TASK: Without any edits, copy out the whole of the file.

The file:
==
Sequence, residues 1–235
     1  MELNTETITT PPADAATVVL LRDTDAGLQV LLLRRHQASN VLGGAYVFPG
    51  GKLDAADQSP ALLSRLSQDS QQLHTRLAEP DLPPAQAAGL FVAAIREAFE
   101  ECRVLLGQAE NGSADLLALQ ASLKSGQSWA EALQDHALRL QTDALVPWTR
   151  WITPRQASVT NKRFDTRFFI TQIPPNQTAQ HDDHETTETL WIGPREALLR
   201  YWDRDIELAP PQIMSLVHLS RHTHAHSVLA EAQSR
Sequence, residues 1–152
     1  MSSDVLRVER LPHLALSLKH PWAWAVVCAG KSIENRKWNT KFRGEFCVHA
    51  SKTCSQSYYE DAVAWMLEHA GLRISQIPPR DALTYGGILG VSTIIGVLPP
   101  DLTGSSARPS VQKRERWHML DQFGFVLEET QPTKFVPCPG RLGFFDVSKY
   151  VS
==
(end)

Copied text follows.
Sequence, residues 1–235
     1  MELNTETITT PPADAATVVL LRDTDAGLQV LLLRRHQASN VLGGAYVFPG
    51  GKLDAADQSP ALLSRLSQDS QQLHTRLAEP DLPPAQAAGL FVAAIREAFE
   101  ECRVLLGQAE NGSADLLALQ ASLKSGQSWA EALQDHALRL QTDALVPWTR
   151  WITPRQASVT NKRFDTRFFI TQIPPNQTAQ HDDHETTETL WIGPREALLR
   201  YWDRDIELAP PQIMSLVHLS RHTHAHSVLA EAQSR
Sequence, residues 1–152
     1  MSSDVLRVER LPHLALSLKH PWAWAVVCAG KSIENRKWNT KFRGEFCVHA
    51  SKTCSQSYYE DAVAWMLEHA GLRISQIPPR DALTYGGILG VSTIIGVLPP
   101  DLTGSSARPS VQKRERWHML DQFGFVLEET QPTKFVPCPG RLGFFDVSKY
   151  VS